Your students made pretty pots and using the balls, so being able to do bouncing instead of just rubbing, is good (like the idea of needle felting the cut-outs on).

    1. Thanks. I hate the way I sound but I think that is the same for most people. It was fun to be in person again. Bouncing is fun but inconsistent unless you are careful to bounce the all all over. Yes, adding the cut outs was a great idea.

  2. That must have been great fun.
    I tried felting on a ball a few years ago now and I did find getting the fibres to stick to the ball on all layers very difficult. Mine was a football, so not easily deflatable and I had to actually cut it off the ball. A bit difficult to do that and be left with a nice shape. I too liked that bouncing the ball helped a lot with the felting. Not having had children I have never come across Gertie balls, I must get one (or two at least).
    Your pupils’ different results are very intriguing, I love the first one with the locks. I wonder how she managed to get them to stick but without disappearing into the felt beneath.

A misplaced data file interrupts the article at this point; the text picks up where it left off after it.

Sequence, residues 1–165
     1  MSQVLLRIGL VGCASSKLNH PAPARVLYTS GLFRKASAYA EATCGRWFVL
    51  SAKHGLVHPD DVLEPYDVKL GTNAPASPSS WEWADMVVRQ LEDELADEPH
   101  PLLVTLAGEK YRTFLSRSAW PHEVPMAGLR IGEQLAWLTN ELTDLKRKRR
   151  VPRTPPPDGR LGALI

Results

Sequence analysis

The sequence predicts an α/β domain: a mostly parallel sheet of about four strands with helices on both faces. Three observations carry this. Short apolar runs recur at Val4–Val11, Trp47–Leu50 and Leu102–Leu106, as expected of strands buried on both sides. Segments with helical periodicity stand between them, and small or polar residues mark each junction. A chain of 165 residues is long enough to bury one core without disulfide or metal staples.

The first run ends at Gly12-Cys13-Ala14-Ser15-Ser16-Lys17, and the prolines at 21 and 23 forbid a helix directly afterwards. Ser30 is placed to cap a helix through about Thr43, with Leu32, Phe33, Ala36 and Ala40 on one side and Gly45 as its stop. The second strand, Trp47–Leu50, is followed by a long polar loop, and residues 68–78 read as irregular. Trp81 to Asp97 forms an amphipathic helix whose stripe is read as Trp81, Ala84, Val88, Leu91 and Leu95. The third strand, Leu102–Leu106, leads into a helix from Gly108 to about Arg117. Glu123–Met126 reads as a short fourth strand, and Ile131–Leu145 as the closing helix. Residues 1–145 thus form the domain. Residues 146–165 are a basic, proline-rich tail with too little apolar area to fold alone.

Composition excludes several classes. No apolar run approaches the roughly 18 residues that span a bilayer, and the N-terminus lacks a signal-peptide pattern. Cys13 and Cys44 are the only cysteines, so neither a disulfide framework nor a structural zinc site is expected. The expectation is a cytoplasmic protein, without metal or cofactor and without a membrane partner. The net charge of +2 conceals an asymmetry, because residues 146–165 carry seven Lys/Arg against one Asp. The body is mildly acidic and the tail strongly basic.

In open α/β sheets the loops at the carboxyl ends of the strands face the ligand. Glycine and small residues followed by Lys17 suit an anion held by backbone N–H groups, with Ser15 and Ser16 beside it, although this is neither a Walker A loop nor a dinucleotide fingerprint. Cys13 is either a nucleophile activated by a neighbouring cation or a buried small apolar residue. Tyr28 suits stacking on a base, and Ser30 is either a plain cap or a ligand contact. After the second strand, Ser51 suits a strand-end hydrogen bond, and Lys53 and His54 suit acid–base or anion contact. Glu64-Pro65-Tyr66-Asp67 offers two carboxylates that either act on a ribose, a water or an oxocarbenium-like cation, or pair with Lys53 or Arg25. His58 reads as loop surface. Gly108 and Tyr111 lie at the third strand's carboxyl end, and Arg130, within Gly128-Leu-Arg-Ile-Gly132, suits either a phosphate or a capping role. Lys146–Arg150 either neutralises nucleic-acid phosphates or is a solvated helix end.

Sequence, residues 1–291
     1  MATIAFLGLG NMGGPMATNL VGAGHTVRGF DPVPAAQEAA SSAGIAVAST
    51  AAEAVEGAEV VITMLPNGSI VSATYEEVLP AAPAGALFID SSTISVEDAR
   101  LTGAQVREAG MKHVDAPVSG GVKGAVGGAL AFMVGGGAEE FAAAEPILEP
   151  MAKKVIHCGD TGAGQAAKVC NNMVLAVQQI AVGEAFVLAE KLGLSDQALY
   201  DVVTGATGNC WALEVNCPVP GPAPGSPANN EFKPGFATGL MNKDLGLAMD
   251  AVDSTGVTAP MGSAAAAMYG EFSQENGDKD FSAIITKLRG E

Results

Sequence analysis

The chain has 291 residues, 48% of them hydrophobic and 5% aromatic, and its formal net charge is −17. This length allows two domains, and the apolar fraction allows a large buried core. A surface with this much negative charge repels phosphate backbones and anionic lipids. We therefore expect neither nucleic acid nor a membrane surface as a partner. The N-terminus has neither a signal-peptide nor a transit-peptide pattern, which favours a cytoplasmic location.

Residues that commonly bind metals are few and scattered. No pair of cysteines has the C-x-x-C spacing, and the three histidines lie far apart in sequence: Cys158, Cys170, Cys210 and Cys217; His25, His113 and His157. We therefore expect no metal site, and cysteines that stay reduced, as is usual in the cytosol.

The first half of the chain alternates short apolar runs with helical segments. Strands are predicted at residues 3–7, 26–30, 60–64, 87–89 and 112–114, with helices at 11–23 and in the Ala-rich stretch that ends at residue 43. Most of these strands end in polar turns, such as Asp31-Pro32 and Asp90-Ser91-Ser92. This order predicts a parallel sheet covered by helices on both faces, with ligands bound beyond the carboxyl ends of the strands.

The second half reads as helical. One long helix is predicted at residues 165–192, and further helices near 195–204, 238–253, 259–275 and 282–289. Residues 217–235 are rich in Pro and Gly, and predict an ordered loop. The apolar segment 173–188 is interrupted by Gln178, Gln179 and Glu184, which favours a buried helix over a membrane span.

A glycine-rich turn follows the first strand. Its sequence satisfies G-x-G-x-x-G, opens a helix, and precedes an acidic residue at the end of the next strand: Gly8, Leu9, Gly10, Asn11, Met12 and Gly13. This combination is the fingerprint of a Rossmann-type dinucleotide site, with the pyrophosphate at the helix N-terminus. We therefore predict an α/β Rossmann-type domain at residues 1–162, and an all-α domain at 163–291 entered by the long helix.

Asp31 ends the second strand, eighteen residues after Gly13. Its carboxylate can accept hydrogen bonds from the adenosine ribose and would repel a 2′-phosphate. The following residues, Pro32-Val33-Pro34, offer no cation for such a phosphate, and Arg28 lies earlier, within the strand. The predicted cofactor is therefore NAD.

Very stimulating – add it to my list of “must have a go at”s

    1. It is difficult to get the fibres to stick as you add the layers. My kids never had gurtie balls. I have only ever seen them used in felting. they are tacky to touch so I am sure they would be grubby really fast if you played with them. I am not sure what they were intended for. most of the locks were needle felted on after. The ones she put on the ball did felt flat. It’s an interesting way to make a vessel.

  3. Looks like your ladies had a lot of fun Ann and what lovely results they got. I particularly like the colours and cut outs on Christine’s. It’s a technique I’ve yet to try, how long would you say they spent on the felting and fulling?

    1. We did have a lot of fun. Christine used the counter top as inspiration and she did amazing job of emulating it. It was a day long class10-4 to do the felting and fulling with a lunch break. Working on your own would be less time. We used corriedale.